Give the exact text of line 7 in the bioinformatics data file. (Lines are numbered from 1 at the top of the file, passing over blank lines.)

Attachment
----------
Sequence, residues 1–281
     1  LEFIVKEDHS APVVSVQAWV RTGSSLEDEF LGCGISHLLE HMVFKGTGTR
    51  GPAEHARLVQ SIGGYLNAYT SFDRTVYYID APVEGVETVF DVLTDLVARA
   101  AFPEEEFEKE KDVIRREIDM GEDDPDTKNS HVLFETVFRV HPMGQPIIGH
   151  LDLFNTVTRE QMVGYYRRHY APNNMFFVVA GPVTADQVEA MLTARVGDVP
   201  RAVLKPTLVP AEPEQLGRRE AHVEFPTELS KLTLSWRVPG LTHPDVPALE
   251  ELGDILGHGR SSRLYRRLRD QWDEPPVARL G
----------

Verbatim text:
   251  ELGDILGHGR SSRLYRRLRD QWDEPPVARL G